Where the Walls have years
Forbes India|January 31, 2019
Where the Walls have years
The Walls of Dubrovnik in Croatia are an example of the old world’s need for, and fascination with, stone fortifications
Charukesi ramadurai

Ever since the world discovered Dubrovnik, things have not been the same for this beach destination on the Dalmatian coast, fondly known as the ‘Pearl of the Adriatic’. Or for Croatia, for that matter.

And then came Game of Thrones. Things only got more frenzied, with fans of the immensely popular television series thronging its narrow cobblestoned lanes in search of their favourite filming locations, and specialised guided tours mushrooming almost overnight across town. On any good day in high tourist season, it is almost impossible to find a quiet spot inside the old town or walk into a restaurant for dinner without prior reservation.

If tourists who drive up or fly down to Dubrovnik are not enough, over 800,000 cruisers hop off at the port every year for a day’s worth of wander.

None of this is to say that I dislike this pretty town in the southern tip of Croatia, located nearly 600 km from the capital city of Zagreb and washed by the blues and greens of the Adriatic Sea. Dubrovnik’s fame and status as a Unesco World Heritage Site are utterly justified. We are in Dubrovnik just after the madness of the summer months has somewhat subsided, and we have the luxury of sitting in silence by the harbour late at night, with a view of the city’s night lights and in the company of cats that strut around like they own the city. Despite the rich history of the region,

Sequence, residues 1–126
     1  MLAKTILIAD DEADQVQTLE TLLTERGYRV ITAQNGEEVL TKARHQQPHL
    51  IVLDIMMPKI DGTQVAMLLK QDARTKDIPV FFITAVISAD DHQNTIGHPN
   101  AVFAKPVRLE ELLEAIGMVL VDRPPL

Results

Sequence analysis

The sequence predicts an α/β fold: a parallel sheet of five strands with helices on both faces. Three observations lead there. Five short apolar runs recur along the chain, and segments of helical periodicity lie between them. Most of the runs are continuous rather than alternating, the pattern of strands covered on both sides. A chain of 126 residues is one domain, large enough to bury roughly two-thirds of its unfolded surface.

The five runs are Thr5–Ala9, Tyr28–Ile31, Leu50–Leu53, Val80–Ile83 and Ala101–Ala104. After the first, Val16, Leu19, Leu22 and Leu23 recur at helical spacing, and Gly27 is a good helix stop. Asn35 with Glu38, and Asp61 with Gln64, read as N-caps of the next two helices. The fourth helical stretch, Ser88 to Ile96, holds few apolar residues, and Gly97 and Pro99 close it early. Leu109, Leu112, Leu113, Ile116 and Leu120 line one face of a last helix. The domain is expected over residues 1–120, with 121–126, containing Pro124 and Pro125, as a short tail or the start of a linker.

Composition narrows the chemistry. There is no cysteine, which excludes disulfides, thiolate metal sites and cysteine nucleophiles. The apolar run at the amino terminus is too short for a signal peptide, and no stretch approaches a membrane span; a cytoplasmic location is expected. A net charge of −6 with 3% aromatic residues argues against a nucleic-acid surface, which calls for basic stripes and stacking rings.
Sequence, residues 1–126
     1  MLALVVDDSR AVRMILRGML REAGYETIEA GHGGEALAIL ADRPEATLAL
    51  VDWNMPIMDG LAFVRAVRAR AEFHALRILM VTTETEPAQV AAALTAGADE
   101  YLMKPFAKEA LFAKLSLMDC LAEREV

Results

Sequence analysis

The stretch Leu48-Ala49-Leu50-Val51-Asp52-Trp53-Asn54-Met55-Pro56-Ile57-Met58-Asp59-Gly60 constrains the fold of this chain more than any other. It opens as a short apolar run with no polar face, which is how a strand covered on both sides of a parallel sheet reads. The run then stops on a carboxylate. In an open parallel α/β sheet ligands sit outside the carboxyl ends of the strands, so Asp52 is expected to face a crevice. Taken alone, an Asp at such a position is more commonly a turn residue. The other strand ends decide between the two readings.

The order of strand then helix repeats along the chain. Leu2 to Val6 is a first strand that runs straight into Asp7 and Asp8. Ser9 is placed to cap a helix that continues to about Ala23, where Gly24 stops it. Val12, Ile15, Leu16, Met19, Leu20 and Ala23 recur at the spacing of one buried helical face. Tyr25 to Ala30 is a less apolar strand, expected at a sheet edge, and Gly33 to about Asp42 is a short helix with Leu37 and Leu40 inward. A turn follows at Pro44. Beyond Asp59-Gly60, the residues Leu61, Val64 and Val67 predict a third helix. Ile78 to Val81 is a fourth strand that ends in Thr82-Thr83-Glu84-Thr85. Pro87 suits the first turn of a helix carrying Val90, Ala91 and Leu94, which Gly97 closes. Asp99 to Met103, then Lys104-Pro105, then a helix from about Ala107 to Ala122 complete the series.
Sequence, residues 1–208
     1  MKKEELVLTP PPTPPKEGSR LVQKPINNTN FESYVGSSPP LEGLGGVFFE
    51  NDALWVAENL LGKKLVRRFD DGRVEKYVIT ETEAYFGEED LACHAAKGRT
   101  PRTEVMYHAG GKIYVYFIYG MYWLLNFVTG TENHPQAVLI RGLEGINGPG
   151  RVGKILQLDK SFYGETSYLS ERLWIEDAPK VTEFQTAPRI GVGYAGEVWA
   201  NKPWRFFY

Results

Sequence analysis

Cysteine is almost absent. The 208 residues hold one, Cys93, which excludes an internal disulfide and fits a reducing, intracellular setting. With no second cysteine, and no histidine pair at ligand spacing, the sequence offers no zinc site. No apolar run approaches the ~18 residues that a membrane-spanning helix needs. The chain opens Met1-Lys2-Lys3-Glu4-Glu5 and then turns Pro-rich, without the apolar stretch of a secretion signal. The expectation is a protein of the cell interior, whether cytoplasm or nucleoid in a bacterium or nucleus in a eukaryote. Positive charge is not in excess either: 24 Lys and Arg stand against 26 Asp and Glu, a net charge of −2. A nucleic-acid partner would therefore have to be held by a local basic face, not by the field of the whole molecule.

Dubrovnik’s museums are fairly uninspiring. However, the War Photo Limited gallery—a permanent space showcasing the devastating 1990s war in Yugoslavia—is a sucker punch to the soul, with compelling images of the horror and futility of war. We stroll along the Stradun, the pedestrianized promenade (officially called Placa)—it is lined with lively cafés and pubs, new souvenir shops and old churches—that cuts through the heart of the old town.

But what I have looked forward to the most are the walks along the city walls. And so early one morning, we line up for tickets to the Dubrovnik City Walls—locally called ‘Dubrovacki miri’—and find ourselves at the lower Pile Gate (pronounced Pile-uh), one of the main entrances to the walled city, complete with drawbridge and padlocks. It is one of the three spots from which to begin the walk, and after taking some local advice, we get there when it just opens for the day.

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January 31, 2019